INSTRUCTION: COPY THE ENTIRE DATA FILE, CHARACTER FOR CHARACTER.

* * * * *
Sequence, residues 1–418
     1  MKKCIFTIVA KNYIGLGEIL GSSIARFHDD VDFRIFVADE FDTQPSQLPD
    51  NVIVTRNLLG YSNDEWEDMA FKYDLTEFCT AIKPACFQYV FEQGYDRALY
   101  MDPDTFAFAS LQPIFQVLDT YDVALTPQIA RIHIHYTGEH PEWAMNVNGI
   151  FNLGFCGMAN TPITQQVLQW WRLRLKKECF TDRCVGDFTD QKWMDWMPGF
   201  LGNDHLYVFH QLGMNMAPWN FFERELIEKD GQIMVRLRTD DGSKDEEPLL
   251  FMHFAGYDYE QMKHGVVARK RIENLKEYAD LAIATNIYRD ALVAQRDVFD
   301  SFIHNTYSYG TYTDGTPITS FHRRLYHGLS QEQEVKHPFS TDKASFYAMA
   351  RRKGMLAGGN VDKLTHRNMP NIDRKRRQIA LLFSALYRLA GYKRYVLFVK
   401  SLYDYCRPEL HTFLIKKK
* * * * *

Sequence, residues 1–418
     1  MKKCIFTIVA KNYIGLGEIL GSSIARFHDD VDFRIFVADE FDTQPSQLPD
    51  NVIVTRNLLG YSNDEWEDMA FKYDLTEFCT AIKPACFQYV FEQGYDRALY
   101  MDPDTFAFAS LQPIFQVLDT YDVALTPQIA RIHIHYTGEH PEWAMNVNGI
   151  FNLGFCGMAN TPITQQVLQW WRLRLKKECF TDRCVGDFTD QKWMDWMPGF
   201  LGNDHLYVFH QLGMNMAPWN FFERELIEKD GQIMVRLRTD DGSKDEEPLL
   251  FMHFAGYDYE QMKHGVVARK RIENLKEYAD LAIATNIYRD ALVAQRDVFD
   301  SFIHNTYSYG TYTDGTPITS FHRRLYHGLS QEQEVKHPFS TDKASFYAMA
   351  RRKGMLAGGN VDKLTHRNMP NIDRKRRQIA LLFSALYRLA GYKRYVLFVK
   401  SLYDYCRPEL HTFLIKKK